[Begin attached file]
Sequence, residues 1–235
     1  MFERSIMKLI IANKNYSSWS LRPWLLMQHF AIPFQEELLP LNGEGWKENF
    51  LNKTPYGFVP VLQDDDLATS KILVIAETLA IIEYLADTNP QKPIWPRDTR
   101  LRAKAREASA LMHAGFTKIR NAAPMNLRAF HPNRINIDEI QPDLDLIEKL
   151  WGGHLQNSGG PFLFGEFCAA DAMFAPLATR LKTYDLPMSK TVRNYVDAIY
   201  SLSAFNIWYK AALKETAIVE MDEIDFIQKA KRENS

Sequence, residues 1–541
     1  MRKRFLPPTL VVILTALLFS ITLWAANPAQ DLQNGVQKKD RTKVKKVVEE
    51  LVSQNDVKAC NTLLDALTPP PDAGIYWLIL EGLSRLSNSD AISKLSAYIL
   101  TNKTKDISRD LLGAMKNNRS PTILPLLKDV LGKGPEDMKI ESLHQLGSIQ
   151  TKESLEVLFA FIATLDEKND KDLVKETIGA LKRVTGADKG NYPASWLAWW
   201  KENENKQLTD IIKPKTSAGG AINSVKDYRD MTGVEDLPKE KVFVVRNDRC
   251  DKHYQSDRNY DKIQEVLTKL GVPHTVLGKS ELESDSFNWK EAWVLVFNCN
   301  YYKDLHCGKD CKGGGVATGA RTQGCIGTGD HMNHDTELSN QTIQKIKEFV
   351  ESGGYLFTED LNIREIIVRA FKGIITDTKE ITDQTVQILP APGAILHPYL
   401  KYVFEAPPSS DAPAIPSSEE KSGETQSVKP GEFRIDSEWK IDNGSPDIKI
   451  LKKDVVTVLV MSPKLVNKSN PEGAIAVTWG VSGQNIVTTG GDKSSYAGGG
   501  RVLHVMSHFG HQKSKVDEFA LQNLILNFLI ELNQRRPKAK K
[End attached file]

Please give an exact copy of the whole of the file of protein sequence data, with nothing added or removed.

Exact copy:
Sequence, residues 1–235
     1  MFERSIMKLI IANKNYSSWS LRPWLLMQHF AIPFQEELLP LNGEGWKENF
    51  LNKTPYGFVP VLQDDDLATS KILVIAETLA IIEYLADTNP QKPIWPRDTR
   101  LRAKAREASA LMHAGFTKIR NAAPMNLRAF HPNRINIDEI QPDLDLIEKL
   151  WGGHLQNSGG PFLFGEFCAA DAMFAPLATR LKTYDLPMSK TVRNYVDAIY
   201  SLSAFNIWYK AALKETAIVE MDEIDFIQKA KRENS

Sequence, residues 1–541
     1  MRKRFLPPTL VVILTALLFS ITLWAANPAQ DLQNGVQKKD RTKVKKVVEE
    51  LVSQNDVKAC NTLLDALTPP PDAGIYWLIL EGLSRLSNSD AISKLSAYIL
   101  TNKTKDISRD LLGAMKNNRS PTILPLLKDV LGKGPEDMKI ESLHQLGSIQ
   151  TKESLEVLFA FIATLDEKND KDLVKETIGA LKRVTGADKG NYPASWLAWW
   201  KENENKQLTD IIKPKTSAGG AINSVKDYRD MTGVEDLPKE KVFVVRNDRC
   251  DKHYQSDRNY DKIQEVLTKL GVPHTVLGKS ELESDSFNWK EAWVLVFNCN
   301  YYKDLHCGKD CKGGGVATGA RTQGCIGTGD HMNHDTELSN QTIQKIKEFV
   351  ESGGYLFTED LNIREIIVRA FKGIITDTKE ITDQTVQILP APGAILHPYL
   401  KYVFEAPPSS DAPAIPSSEE KSGETQSVKP GEFRIDSEWK IDNGSPDIKI
   451  LKKDVVTVLV MSPKLVNKSN PEGAIAVTWG VSGQNIVTTG GDKSSYAGGG
   501  RVLHVMSHFG HQKSKVDEFA LQNLILNFLI ELNQRRPKAK K